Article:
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The Legal Stuff
BT Currents - Hot Topics in Employment Law

24 Aug DOL TO CONSIDER RULE ON PORTABLE ELECTRONIC DEVICES OUTSIDE OF WORKING HOURS

Perhaps in anticipation of the greater number of non-exempt employees as a result of the proposed increase in salary for exempt employees, the Department of Labor (DOL) has announced that it will be seeking public input on the question of employees’ use of portable technology outside their workplace and normal working hours. This was introduced as a part of the DOL’s Spring 2015 regulatory agenda and it is anticipated that they will issue this public request for information by the end of the month.  …

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19 Aug Not All Good Deeds Are Punished: A Paid Suspension Is Not An Adverse Employment Action For Title VII

Chalk up a victory for logic.   Addressing an issue of first impression, the federal Third Circuit Court of Appeals (which covers Delaware, New Jersey and Pennsylvania), recently held that an employee’s suspension with pay is not an adverse employment action for purposes of Title VII. In doing so, the Third Circuit has joined several of its sister Circuits across the country, including the Second, Fourth, Fifth, Sixth and Eighth Circuits.   The case, Jones v. Southeastern Pennsylvania Transportation Authority involved an employee who was…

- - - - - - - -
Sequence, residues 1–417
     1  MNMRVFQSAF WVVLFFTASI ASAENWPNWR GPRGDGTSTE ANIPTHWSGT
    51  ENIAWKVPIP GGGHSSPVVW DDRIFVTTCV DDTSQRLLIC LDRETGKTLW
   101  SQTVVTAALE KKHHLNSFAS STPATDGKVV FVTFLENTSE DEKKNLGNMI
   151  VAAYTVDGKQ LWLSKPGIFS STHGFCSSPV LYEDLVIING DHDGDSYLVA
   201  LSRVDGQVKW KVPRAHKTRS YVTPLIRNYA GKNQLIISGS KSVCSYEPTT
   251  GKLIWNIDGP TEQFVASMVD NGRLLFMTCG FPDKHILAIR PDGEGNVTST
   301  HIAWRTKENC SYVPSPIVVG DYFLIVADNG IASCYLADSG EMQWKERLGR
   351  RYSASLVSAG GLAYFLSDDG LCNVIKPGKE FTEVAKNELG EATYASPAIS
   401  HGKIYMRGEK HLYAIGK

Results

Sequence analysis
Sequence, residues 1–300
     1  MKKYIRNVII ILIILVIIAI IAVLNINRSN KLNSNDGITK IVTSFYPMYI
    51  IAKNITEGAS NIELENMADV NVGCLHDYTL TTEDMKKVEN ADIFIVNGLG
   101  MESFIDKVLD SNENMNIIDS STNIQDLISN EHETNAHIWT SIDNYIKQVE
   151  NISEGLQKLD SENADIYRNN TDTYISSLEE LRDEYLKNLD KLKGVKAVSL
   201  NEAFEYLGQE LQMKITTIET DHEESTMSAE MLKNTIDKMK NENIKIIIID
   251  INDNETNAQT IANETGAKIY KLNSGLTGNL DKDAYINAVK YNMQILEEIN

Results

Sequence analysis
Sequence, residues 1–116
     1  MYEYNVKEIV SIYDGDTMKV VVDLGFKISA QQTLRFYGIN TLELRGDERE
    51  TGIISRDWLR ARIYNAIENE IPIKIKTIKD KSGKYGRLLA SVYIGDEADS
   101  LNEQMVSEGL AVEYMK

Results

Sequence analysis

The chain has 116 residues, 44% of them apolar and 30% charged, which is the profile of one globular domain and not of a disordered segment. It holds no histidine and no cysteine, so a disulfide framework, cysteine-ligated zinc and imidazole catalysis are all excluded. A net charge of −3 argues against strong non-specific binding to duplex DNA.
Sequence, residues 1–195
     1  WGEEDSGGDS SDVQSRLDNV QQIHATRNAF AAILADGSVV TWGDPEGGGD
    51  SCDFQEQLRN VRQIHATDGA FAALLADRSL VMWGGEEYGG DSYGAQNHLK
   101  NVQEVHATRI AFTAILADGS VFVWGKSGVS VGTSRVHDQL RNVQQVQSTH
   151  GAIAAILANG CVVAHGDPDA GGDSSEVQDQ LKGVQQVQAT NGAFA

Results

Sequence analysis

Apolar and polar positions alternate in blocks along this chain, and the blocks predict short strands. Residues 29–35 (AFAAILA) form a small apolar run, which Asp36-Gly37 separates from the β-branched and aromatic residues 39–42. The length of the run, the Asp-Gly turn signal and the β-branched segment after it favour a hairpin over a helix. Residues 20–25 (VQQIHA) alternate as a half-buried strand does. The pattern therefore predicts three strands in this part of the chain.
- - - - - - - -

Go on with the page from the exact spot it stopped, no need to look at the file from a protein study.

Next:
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18 Aug Federal Court Allows Arbitration After Employer’s Nine-Month Delay

  At first glance, a recent decision from the Eastern District of Pennsylvania appears to throw cold water on the generally accepted rule that an employer who waits too long to enforce its right to arbitrate employment disputes waives that right.  The case, Serine v. Marshall, Dennehy, Warner & Goggin, et al., involved an employee who sued her former employer – a law firm – in federal court and the firm waited more than nine months before seeking to pursue arbitration.   The law firm…

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14 Aug Clarity from the 9th Circuit: The ADA Does Not Require Employer to Keep a Potentially Violent Employee

A recent decision by the Ninth Circuit Court of Appeals affirms our faith in the federal courts on issues of workplace violence. In the case of Mayo v. PCC Structurals, Inc., the plaintiff/employee argued that he was a victim of disability discrimination under Oregon law after he was fired for threatening his co-workers. (The court notes Oregon’s disability law is similar to and similarly analyzed as the Americans with Disabilities Act.)   The employee had a history of major depressive disorder, and after making threats…

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13 Aug Employees May Soon Have Something To Lose In FLSA Lawsuits

The deck in Fair Labor Standards Act lawsuits has long been stacked against employers. Even if the employer wins at trial, its legal fees and costs will likely be hefty – six figures or more. And if the employer loses, it may have to pay double – or even triple – the plaintiffs’ actual damages and the plaintiffs’ costs and fees, on top of its own costs and fees.  It can feel like employees have nothing to lose and like employers are destined to “lose”…

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